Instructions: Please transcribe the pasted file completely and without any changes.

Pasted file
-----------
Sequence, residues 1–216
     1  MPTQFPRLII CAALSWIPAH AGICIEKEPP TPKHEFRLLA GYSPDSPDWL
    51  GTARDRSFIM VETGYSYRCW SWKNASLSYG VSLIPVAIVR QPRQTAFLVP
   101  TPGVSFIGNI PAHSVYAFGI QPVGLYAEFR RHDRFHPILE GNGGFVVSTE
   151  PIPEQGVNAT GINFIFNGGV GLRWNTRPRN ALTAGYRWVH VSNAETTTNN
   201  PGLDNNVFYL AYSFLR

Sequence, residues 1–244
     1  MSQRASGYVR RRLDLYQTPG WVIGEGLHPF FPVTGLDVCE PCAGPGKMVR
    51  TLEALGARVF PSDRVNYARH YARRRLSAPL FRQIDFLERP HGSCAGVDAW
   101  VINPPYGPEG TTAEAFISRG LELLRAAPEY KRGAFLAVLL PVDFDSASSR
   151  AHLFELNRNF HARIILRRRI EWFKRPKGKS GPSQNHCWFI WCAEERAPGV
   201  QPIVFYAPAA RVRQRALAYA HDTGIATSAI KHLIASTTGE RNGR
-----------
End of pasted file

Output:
Sequence, residues 1–216
     1  MPTQFPRLII CAALSWIPAH AGICIEKEPP TPKHEFRLLA GYSPDSPDWL
    51  GTARDRSFIM VETGYSYRCW SWKNASLSYG VSLIPVAIVR QPRQTAFLVP
   101  TPGVSFIGNI PAHSVYAFGI QPVGLYAEFR RHDRFHPILE GNGGFVVSTE
   151  PIPEQGVNAT GINFIFNGGV GLRWNTRPRN ALTAGYRWVH VSNAETTTNN
   201  PGLDNNVFYL AYSFLR

Sequence, residues 1–244
     1  MSQRASGYVR RRLDLYQTPG WVIGEGLHPF FPVTGLDVCE PCAGPGKMVR
    51  TLEALGARVF PSDRVNYARH YARRRLSAPL FRQIDFLERP HGSCAGVDAW
   101  VINPPYGPEG TTAEAFISRG LELLRAAPEY KRGAFLAVLL PVDFDSASSR
   151  AHLFELNRNF HARIILRRRI EWFKRPKGKS GPSQNHCWFI WCAEERAPGV
   201  QPIVFYAPAA RVRQRALAYA HDTGIATSAI KHLIASTTGE RNGR